Watergate's second smoking gun.

Gossip, speculation, and scuttlebutt about politics.
July 1 2005 1:37 PM

Watergate's Second Smoking Gun

Mark Felt, nicotine fiend.


According to Felt, he didn't smoke at all; he told CBS News in June 1992 that he'd kicked the habit in 1943. Granted, in the same interview, Felt said that during Watergate he met with Woodward only once, and that when Woodward phoned he refused to cooperate—both totally false assertions, we now know. But whether or not Felt was a smoker was something that Felt's friends and family could be expected to know (unless Felt's second-biggest secret was that he was sneaking ciggies on the sly).

—Timothy Noah, "Woodstein's Misdirections," June 2, 2005 in Slate.


Felt, you wily rascal! You were sneaking ciggies on the sly! In Bob Woodward's The Secret Manaccording to  USA Today's Mark Memmott, who's read it (I have not)—Bob Woodward reports that

Felt may not have been a "regular smoker" ... but he could have been the type of person who lights up a cigarette "in times of immense stress." Regardless, Woodward repeats that Felt did smoke during some of their clandestine meetings.

This revelation won't be helpful to the anti-smoking movement, which emphasizes the addictive nature of tobacco. (According to the Merck Manual of Diagnosis and Therapy, "tobacco addiction is more severe than alcohol addiction and at least as binding as narcotic addiction.") Let's consider three possibilities:

Possibility 1: Felt really did stop smoking in 1943 and reverted to the habit only when meeting with Woodward in the garage (located, we now know, underneath 1401 Wilson Blvd. in Arlington, Va.) or during other isolated moments of extreme stress. If this was the case, then Felt was the person many self-deluded cigarette addicts imagine themselves to be: Someone who can fall off the wagon now and then without resuming a daily habit. Such people are known to exist, but it's never good for the anti-smoking cause when one of them gets a lot of publicity.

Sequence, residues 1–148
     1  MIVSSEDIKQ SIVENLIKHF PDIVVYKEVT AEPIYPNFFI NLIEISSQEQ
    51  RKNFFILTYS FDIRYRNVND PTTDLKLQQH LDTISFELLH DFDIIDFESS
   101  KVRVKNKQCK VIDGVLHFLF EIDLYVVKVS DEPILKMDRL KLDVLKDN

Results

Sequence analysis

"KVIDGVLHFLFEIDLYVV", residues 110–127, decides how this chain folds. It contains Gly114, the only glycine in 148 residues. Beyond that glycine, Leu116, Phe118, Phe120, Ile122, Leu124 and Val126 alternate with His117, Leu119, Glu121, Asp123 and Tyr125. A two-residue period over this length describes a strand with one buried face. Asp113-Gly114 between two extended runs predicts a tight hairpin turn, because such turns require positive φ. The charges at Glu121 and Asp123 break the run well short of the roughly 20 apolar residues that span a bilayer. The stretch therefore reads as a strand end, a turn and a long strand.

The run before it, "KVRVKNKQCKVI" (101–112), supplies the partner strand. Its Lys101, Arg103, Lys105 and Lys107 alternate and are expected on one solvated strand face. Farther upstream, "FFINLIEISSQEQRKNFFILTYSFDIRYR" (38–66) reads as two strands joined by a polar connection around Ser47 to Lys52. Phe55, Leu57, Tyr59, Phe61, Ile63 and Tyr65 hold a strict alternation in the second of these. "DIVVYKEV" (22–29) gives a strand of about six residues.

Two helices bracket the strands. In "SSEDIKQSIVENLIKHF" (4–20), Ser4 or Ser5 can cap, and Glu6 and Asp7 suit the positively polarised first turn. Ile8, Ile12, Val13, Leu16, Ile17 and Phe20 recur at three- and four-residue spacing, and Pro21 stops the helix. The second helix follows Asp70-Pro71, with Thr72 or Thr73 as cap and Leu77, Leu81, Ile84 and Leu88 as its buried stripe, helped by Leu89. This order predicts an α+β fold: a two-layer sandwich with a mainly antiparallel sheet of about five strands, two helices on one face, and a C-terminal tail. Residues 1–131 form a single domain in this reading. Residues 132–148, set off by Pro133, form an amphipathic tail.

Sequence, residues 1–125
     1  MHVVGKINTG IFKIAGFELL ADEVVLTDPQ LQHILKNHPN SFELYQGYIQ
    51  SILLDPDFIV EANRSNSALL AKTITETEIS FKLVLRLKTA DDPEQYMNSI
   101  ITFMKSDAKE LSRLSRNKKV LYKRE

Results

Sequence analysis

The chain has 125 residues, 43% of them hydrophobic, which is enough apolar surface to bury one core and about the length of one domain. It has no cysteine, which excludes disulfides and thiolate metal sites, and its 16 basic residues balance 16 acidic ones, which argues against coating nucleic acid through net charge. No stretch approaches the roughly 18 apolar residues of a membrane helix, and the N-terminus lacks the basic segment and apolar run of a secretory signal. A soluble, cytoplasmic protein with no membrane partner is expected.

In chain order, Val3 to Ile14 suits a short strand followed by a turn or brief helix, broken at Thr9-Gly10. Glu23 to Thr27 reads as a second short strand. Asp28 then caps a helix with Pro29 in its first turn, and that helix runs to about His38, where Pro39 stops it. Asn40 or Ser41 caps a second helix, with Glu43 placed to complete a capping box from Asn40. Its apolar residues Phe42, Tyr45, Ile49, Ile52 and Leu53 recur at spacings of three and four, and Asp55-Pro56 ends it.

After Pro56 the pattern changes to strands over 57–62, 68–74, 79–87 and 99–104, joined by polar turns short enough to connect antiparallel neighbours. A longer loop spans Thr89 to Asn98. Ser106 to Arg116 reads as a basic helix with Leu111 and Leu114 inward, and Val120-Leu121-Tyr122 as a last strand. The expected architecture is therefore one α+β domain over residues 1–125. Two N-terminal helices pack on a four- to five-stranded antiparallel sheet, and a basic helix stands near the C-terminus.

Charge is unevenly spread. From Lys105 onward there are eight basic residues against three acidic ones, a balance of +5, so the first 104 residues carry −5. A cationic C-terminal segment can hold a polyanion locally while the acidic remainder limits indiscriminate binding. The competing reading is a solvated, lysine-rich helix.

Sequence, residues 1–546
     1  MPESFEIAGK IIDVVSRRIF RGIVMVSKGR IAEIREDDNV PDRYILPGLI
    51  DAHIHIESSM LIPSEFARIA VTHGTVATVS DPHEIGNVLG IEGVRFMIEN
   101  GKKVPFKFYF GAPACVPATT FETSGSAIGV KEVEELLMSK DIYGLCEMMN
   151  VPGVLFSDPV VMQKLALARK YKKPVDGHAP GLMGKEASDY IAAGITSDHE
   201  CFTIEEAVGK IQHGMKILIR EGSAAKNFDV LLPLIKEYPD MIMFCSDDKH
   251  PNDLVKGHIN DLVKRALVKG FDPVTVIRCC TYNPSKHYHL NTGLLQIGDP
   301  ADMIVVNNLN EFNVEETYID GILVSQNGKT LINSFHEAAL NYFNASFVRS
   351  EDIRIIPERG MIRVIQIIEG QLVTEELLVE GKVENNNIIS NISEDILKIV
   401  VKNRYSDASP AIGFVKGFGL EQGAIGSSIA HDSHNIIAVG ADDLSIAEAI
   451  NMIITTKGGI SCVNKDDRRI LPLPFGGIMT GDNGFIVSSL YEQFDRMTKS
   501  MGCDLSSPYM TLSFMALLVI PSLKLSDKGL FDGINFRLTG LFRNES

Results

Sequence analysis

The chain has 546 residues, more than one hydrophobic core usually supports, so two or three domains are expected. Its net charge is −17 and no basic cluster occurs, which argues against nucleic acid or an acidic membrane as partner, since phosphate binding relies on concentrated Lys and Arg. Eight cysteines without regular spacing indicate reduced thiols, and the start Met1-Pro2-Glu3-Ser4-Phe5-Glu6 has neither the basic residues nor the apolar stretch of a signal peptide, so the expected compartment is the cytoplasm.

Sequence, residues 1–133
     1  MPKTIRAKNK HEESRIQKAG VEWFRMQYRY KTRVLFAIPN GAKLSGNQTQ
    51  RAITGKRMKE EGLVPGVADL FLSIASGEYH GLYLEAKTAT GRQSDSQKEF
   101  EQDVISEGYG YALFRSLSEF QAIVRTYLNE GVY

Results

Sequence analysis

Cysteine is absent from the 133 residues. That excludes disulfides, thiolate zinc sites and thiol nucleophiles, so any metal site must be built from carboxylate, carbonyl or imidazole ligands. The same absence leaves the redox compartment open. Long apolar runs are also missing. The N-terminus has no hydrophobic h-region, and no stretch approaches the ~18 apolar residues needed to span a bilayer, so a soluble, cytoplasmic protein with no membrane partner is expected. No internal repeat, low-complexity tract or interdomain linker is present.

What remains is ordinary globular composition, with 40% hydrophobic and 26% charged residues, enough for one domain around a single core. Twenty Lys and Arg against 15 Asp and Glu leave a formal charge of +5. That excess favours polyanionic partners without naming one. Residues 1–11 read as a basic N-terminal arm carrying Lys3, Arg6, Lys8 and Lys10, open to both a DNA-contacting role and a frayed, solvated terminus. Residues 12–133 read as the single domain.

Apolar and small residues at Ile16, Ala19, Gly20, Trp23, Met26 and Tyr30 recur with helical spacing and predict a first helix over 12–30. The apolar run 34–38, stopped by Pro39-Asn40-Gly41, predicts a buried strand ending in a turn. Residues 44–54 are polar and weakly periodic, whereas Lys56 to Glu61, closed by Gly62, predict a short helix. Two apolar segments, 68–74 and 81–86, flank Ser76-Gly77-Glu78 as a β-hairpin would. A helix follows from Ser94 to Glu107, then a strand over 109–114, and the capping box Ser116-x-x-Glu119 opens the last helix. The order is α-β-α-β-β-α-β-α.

Possibility 2: Felt wasn't just sneaking cigarettes with Woodward. He was running a covert op against his entire family, removing himself to a secure location on a daily basis to get his nicotine fix. If this was the case, the anti-tobacco movement must contend with the awkward reality that Felt has lived to the ripe old age of 91. Again, heavy smokers have been known to live long lives, but it doesn't do the anti-smoking movement much good to have such people in the spotlight.

Possibility 3: Felt kept smoking openly after 1943, in which case his friends and family would have known it and chosen not to tell the world that Felt fibbed to CBS News. If this (implausible) scenario is correct, then the public is witnessing the spectacle of Felt's family being rewarded for its enabling behavior with a movie-and-book deal. Maybe we'll learn more about this when the book comes out. (Incidentally, Tom Hanks? All wrong for Deep Throat. A reader e-mailed me a few weeks back with the ideal choice: Christopher Walken.)

There is a fourth possibility, one that does help the anti-smoking cause, but I consider it even less likely than Possibility 3. This is that Woodward really did make up the cigarette smoking, and he feels free to say Felt smoked in his presence because he knows Felt isn't compos mentis enough to contradict him. But this sort of underhanded and dishonest behavior would not be consistent with what we know about Woodward. I therefore accept Woodward's explanation of the cigarette anomaly and withdraw my earlier criticism. (Woodward still hasn't explained his lie to J. Anthony Lukas, though.) As for Felt … shame on you. It's a filthy habit.

Timothy Noah is a former Slate staffer. His  book about income inequality is The Great Divergence.



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